With just a few hits into a drum ballad and the spotlight shining on singer Michael David Rosenberg, the band Passenger showed the crowd they were in for a night of beautiful pop-folk at the Ogden on March 21, 2017. “Thank you very much indeed,” Rosenberg said in his English accent, “It’s one of the first nights that have sold out [on this tour].”
He opened with the song “If You Go,” painting a picture of idyllic love, with strumming guitar picks flowing heavily behind. But from there, it was as if he spent half his set talking about his busking livelihood as much as singing. Which don’t get me wrong, I love anecdotes and when singers interact with their audience – there’s nothing worse than a shy singer who can only play and not entertain. Maybe I was just too angsty of wanting to his hear discography.
“I wanna get something straight with you guys – I only have one very famous song. It’s fucking true, it’s called “Let Her Go.” Like Disney…that movie has literally fucking ruined my life.” – Michael Rosenberg.
He went into his next song, titled “Life’s for the Living.” “I took myself down to the cafe to find all the boys lost in books and crackling vinyl / And carved out a poem above the urinal that read / Don’t you cry for the lost / Smile for the living.” And Rosenberg was poetic with his lyrics, and you could tell that perhaps he’s uncomfortable with having that “one famous song.” He reminded me of Ed Sheeran because they both fill out the singer-songwriter genre, but as where Sheeran monetized his thrust into fame, Rosenberg decided to keep playing in lowly lit cafes.
“Denver are you having a wonderful time?” Rosenberg huffed in between his songs, “It’d been awkward if you said no.” He gave us another little memory of being far from family – I’m not really sure, I was standing there wondering why no music was being played for such a long length. He then said, “If sometimes you sit in bed and think what am I doing, then this is your song, “27.” And just like that, he had swooped the crowd back into his English, picturesque world of storytelling.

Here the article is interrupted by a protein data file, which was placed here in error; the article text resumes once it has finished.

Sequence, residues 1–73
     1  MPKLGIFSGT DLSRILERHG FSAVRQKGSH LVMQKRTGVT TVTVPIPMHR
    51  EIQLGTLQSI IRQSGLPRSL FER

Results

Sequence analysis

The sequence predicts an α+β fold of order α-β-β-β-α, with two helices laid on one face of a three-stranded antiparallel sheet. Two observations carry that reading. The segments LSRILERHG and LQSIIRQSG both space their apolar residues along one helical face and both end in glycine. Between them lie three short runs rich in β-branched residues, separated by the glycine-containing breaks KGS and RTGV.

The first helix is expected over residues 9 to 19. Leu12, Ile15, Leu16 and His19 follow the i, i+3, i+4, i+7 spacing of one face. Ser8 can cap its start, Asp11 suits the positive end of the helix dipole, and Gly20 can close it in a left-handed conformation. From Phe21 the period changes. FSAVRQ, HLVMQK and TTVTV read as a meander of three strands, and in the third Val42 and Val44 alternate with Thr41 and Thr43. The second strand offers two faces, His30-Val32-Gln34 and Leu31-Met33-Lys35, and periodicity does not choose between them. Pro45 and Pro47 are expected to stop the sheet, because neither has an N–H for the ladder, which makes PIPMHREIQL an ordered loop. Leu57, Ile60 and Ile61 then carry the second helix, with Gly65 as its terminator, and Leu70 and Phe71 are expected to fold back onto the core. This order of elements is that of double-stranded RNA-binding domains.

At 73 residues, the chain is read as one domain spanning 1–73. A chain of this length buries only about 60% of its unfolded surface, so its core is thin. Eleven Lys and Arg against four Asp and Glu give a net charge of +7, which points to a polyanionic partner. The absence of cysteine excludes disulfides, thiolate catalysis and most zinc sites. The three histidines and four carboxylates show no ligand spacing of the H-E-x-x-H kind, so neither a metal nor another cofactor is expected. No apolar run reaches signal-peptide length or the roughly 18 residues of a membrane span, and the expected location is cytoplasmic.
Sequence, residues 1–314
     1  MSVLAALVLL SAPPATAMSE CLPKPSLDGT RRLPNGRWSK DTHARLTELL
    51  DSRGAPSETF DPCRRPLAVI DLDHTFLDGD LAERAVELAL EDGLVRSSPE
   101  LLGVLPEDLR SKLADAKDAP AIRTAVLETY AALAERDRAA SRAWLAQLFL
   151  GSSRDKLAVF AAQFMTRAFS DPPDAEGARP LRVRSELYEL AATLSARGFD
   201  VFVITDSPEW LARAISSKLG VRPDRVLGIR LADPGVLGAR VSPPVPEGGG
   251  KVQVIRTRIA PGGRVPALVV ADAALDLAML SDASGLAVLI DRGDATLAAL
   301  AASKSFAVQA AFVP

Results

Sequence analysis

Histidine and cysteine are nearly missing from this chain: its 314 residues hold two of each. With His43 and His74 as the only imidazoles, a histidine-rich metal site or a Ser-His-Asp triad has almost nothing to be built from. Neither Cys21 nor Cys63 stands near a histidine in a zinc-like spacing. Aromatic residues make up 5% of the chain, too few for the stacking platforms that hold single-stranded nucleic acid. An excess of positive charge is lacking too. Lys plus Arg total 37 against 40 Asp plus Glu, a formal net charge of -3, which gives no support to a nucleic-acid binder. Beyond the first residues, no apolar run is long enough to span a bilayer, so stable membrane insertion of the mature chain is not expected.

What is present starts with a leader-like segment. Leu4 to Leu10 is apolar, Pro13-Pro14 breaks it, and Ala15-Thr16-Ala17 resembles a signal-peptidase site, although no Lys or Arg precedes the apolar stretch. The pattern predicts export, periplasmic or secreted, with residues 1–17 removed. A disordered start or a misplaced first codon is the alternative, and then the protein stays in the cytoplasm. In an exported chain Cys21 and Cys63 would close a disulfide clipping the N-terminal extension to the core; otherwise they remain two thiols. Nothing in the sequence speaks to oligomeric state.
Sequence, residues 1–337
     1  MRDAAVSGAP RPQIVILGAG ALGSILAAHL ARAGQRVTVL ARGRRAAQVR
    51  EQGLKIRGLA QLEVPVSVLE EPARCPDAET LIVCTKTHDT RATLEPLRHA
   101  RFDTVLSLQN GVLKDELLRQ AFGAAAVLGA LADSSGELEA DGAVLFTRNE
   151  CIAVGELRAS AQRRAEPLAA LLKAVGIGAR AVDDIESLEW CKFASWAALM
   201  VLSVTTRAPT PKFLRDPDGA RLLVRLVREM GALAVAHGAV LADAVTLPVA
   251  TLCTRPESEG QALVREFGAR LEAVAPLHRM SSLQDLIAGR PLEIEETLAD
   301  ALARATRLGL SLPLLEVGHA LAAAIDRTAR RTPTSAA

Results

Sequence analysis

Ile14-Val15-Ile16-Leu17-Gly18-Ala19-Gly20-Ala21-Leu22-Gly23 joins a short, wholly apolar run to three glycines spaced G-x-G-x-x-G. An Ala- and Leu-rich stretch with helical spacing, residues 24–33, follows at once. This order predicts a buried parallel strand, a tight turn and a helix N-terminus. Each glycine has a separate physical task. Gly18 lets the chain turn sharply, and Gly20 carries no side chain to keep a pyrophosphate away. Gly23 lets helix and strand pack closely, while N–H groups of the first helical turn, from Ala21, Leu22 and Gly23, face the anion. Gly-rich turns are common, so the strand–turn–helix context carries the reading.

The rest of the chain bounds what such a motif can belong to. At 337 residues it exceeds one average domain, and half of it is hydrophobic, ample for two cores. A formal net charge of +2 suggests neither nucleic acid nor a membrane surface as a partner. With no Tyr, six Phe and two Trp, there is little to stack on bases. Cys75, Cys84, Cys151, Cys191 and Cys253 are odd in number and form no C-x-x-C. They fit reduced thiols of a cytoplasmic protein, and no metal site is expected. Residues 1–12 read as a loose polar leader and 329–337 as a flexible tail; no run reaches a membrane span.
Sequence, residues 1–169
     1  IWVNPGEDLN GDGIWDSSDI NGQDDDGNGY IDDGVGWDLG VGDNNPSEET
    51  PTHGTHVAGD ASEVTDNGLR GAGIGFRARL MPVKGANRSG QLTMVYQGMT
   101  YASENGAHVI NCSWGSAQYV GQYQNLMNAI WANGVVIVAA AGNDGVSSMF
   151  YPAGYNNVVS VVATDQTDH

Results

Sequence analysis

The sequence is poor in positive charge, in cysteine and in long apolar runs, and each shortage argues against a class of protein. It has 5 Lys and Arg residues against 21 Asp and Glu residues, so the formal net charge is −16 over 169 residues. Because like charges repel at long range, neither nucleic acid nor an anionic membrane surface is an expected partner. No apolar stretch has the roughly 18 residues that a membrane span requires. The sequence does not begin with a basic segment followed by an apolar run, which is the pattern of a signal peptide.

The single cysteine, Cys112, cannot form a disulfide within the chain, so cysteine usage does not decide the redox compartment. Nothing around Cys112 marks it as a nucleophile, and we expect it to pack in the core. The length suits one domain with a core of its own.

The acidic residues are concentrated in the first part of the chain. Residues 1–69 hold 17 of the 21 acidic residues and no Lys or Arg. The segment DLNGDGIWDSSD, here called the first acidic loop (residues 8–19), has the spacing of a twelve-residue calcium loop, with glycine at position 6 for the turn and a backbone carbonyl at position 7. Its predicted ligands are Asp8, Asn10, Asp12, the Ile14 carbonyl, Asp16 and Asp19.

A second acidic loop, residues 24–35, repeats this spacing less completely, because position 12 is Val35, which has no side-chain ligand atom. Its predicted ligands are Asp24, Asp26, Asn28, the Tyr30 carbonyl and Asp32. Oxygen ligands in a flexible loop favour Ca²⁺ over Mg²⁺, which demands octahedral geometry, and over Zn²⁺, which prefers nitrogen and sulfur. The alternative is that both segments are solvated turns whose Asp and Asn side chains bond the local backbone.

He played “Everything” next, a beautiful balled with piano keys leading the way into his unique vocals. I had hoped he would continuously play into the next song, but alas, he wanted to talk with us again. Like a girl alone at a bar, he assumed we wanted to chat way too much. It was kind of cute – he wanted to tell us “Everything.” “You guys are beautifully quiet and I’ll try to make this story as quick as possible it’s about life…” yup, those were his words.
Finally, after a story about Amsterdam and traveling, he entered the song “Travelling Alone” from his 2015 album Whispers II. “It was my wife’s idea, but she’s no longer here. / She left me travelling alone. / I never heard silence ring out like a bell. / I never heard silence like last night in my expensive hotel,” and his lyrics were so painfully raw, you couldn’t help but want to hug him on that stage.
Then it came – “You’re expecting Disney,” he laughed to the crowd, referencing his famous hit. He played “Young as the Morning, Old as the Sea” first, then went into “Let Her Go.” “I wrote it in forty-five minutes…yeah, it’s alright.”
It wouldn’t be a night of music in Denver without a reference to the political distress in our country, so he said we all have a “personal responsibility” towards the end of his set. I’m sure he meant well, but damn, just give me some more music before the night goes down. He was leaving us thirsty, but maybe that’s better than leaving us bored. Either way, you’re always welcome back Rosenberg. Don’t leave your setlist notes at home.
All photographs courtesy of Alden Bonecutter. View the gallery here.